Siminoe said SCSU considers anything that can identify a student, falls under FERPA protections.
However, LoMonte disagrees with Siminoe’s interpretation of FERPA.
“FERPA has been interpreted by the U.S. Supreme Court to include only a very narrow subset of centrally maintained records about a student. It never, ever, under any circumstances includes information gathered by the news media in a public space. FERPA is about the sanctity of the physical records kept in the college’s central recordkeeping (sic) facility and that’s all it is about,” LoMonte said.
He added, “If a professor is having a conversation with a student in a hallway, nothing about that conversation is made confidential under FERPA unless the professor is literally standing there reading the student’s transcript aloud, because FERPA is about the sanctity of the transcript and not ideas coming out of a professor’s mouth. In any event, a journalist making the recording of the conversation is not the FERPA violation — the FERPA violation would be the professor having a confidential conversation in front of witnesses. But nothing about a hallway conversation between a professor and a student at the scene of a disturbance is made confidential by FERPA at all, so FERPA does not have any place in the discussion.”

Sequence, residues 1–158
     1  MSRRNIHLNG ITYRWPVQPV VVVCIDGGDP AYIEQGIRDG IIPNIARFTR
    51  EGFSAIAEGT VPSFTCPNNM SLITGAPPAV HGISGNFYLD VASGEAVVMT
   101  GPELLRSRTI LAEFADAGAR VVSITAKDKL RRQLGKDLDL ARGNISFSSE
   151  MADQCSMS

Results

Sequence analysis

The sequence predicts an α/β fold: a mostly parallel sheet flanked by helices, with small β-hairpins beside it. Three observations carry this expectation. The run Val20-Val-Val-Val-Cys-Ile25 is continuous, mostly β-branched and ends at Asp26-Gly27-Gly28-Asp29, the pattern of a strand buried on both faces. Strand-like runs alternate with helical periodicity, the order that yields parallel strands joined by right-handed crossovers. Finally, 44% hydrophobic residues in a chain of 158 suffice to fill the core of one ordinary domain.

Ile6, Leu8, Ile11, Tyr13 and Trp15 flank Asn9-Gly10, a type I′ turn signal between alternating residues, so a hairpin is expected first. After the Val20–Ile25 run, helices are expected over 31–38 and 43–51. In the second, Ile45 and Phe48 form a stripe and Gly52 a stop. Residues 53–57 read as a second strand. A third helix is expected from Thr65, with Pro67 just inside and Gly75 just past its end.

Siminoe also said there is no specific SCSU policy regarding student journalist’s rights on campus and would not comment when asked if SCSU is currently investigating the incident.
The student Ore was speaking to said that himself and Ore have communicated through email a desire to talk about the issues they had been speaking about and that Ore is open to that conversation.